Last October, nine sugarcane workers—including three women and two minors—were killed on October 20 by some 40 unidentified armed men. The Armed Forces of the Philippines linked the killing of the National Federation of Sugarcane Workers members as part of the so-called “Red October” plot, while some reports pointed to private armies and paramilitary groups as perpetrators of the killing.
The STAR/Michael Varcas
NUPL lawyer disputes kidnapping rap for sheltering 'Sagay 9' witness
Kristine Joy Patag ( - May 22, 2019 - 5:58pm

MANILA, Philippines — Rights lawyer Kathy Panguban said a kidnapping complaint against her for taking in a witness in the 'Sagay 9' incident is an attack on her and the National Union of Peoples’ Lawyers.

Panguban filed her counter-affidavit on Wednesday asking the Department of Justice to junk the kidnapping and serious illegal detention complaint filed by the boy’s father, Vic Pedaso.

She also denied the allegation that she kidnapped the witness, who is a minor, in the killing of the nine sugarcane workers in Sagay, Negros Occidental last October. Panguban and NUPL have repeatedly said the boy's mother is their client.

 “Even if taken at face value, the complaint is wanting of any factual allegation on which the imputation of kidnapping and serious illegal detention can be made to stand,” her counter-affidavit read.

In Pedaso's complaint against Panguban, Police Major Robert Mansueto, chief of the Sagay City police, said that father received a call from the mother of his child claiming that they were under tight watch in the area where they were brought after the boy, whom rights group Karapatan and NUPL refer to as “Lester,” was turned over by the city’s Social Welfare and Development Office.

'Boy witness estranged from father'

Panguban added that their fact-finding team learned that Pedaso and the mother of the witness, Flordeliza, were separated since 2008 and had abandoned the child.

The lawyer clarified that Flordeliza sought the assistance of NUPL and Karapatan to for the police to release the child. 

She also said that there was a “formal turnover of [the boy’s] custody” to this mother.

"The said turnover was documented in a Turn Over Agreement prepared by the [City Social Welfare and Development] and signed by the following: Flordeliza J. Cabahug, Biological Mother; Vic Elisan Pedaso, Biological Father; Nehemiah Harold D. Mission, Social Welfare Officer I; Consolacion C. Espinosa, CGDHI; and myself, Legal Counsel,” the counter-affidavit read.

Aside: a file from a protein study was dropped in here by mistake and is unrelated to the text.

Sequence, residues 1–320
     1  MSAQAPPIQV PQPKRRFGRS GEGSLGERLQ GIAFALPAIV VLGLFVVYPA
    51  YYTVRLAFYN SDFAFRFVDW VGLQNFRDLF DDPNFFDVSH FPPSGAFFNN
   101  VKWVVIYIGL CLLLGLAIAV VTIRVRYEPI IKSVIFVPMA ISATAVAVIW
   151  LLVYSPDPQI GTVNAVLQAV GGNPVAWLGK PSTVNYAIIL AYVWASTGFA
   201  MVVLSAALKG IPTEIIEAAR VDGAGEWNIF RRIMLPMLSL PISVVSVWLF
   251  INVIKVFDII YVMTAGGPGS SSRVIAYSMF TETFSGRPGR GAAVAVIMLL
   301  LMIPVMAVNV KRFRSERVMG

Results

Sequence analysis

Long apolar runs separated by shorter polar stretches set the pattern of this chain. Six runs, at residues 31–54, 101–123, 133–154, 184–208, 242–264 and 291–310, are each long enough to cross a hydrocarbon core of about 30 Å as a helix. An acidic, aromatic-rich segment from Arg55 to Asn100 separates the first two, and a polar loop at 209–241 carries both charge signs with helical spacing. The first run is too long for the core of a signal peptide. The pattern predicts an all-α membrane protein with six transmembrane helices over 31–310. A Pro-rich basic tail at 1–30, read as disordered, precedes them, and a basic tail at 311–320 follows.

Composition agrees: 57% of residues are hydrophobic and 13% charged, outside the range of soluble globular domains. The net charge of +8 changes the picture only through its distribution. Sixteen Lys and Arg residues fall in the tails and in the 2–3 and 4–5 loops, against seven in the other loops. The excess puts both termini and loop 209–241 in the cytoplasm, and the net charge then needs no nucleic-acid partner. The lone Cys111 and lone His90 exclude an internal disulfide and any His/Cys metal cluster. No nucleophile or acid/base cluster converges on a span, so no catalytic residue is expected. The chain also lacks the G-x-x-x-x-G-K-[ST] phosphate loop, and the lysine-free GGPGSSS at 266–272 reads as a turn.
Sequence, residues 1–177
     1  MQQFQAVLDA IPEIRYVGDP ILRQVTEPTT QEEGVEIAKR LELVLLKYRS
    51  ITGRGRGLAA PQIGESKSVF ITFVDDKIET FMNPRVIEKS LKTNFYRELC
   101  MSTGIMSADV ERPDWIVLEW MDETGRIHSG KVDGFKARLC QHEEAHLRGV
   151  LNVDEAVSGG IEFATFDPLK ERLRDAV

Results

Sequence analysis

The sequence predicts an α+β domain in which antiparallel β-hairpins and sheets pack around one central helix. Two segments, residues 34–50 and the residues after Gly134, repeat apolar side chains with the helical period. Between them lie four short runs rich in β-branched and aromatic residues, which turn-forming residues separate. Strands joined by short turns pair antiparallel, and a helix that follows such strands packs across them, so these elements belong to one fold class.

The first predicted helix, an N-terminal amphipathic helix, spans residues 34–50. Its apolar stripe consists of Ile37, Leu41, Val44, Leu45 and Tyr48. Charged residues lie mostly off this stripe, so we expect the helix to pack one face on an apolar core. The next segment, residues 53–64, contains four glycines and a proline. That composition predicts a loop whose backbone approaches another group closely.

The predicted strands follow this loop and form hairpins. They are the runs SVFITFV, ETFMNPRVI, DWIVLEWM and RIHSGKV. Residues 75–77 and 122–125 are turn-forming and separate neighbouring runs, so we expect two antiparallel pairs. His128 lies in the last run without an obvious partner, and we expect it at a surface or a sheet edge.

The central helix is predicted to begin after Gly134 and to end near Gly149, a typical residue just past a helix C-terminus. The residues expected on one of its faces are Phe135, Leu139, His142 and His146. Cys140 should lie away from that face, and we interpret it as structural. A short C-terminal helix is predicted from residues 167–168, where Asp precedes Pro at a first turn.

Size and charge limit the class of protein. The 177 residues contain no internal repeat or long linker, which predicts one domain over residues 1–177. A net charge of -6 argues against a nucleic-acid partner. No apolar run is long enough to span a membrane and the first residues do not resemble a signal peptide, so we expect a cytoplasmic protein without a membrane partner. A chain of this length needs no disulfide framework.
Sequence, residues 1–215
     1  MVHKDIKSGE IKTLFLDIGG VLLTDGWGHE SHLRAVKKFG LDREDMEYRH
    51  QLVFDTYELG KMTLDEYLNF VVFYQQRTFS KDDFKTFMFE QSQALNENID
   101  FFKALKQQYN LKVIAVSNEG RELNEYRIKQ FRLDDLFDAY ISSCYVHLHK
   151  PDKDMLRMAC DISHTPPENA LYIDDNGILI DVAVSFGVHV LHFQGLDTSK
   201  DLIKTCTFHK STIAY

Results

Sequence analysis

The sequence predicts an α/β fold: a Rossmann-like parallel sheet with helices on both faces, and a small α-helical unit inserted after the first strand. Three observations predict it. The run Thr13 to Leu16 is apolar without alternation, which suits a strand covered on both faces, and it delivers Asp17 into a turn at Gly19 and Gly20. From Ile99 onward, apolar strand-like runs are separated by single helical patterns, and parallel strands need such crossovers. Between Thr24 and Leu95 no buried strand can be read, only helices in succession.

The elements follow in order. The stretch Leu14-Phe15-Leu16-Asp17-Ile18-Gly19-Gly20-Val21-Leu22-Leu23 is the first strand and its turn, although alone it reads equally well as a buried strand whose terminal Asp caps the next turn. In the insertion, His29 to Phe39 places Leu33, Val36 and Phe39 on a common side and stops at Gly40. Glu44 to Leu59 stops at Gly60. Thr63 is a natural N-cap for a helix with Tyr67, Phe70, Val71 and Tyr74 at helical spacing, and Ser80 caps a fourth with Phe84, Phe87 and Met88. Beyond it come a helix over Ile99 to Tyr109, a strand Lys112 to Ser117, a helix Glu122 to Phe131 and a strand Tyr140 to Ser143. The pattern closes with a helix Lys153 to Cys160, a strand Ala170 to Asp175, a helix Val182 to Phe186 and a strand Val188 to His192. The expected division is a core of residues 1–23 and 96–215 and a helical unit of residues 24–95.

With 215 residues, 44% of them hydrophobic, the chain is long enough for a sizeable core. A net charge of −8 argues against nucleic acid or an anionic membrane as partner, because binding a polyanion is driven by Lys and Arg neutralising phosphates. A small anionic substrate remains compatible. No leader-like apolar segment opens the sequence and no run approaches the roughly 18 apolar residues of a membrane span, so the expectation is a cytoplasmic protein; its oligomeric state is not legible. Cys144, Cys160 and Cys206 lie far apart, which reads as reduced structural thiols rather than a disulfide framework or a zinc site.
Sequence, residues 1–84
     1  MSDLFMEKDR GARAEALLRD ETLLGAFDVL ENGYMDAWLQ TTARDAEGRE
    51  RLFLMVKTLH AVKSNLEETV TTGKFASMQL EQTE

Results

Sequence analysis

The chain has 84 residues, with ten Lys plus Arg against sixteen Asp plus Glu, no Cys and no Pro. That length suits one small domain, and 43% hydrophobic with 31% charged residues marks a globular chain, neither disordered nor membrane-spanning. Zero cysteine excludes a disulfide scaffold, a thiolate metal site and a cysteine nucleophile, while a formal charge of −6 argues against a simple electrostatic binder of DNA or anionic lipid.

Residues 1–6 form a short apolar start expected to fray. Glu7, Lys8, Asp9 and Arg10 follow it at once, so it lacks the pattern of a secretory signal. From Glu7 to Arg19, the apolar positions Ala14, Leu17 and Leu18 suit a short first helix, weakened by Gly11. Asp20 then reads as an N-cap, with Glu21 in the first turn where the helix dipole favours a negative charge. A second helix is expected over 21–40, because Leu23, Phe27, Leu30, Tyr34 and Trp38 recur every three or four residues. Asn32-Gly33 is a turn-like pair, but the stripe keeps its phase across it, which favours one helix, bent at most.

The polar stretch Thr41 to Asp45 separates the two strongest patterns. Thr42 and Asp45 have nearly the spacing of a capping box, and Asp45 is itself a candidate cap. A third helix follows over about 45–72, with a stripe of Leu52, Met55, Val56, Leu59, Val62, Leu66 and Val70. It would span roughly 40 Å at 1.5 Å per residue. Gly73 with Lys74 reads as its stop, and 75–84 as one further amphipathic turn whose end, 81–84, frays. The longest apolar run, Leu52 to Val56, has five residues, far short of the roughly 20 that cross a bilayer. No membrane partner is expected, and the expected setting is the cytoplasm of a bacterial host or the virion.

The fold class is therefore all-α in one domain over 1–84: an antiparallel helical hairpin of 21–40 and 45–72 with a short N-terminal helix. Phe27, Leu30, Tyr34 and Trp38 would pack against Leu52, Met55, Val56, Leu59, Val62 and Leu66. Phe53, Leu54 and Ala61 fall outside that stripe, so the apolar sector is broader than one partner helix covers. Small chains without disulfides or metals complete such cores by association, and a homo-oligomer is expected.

Panguban also stressed that the mother of the minor said in her sworn statement that she and her son willingly went with NUPL, Karapatan and the fact-finding team “because she knew that they would be safe with us.”

An attack vs NUPL

Panguban also said that the complaint against her is an attack on her profession and on the NUPL.

“And since this complaint stemmed from the lawful exercise of my profession as a lawyer which materializes under a climate of red-tagging and vilification of human rights lawyers and defenders, with due respect, I am venturing to characterize the filing of this case as a veiled attack against the legal profession and against the organization that I represent, the NUPL,” Panguban added.

The NUPL sought, and was granted, relief from the Supreme Court on perceived state-sponsored red-tagging. They said that their rights to life, liberty and security have been violated by "persistent threats and harassment, and red-tagging," preventing them from carrying out their profession as members of the bar.

Philippine jurisprudence defines red-tagging as “the act of labelling, branding, naming and accusing individuals and/or organizations of being left-leaning, subversives, communists or terrorists (used as) a strategy... by State agents, particularly law enforcement agencies and the military, against those perceived to be ‘threats’ or ‘enemies of the State.’”

The SC issued a writ of amparo for the pro bono lawyers and ordered the Court of Appeals to hear their petition.

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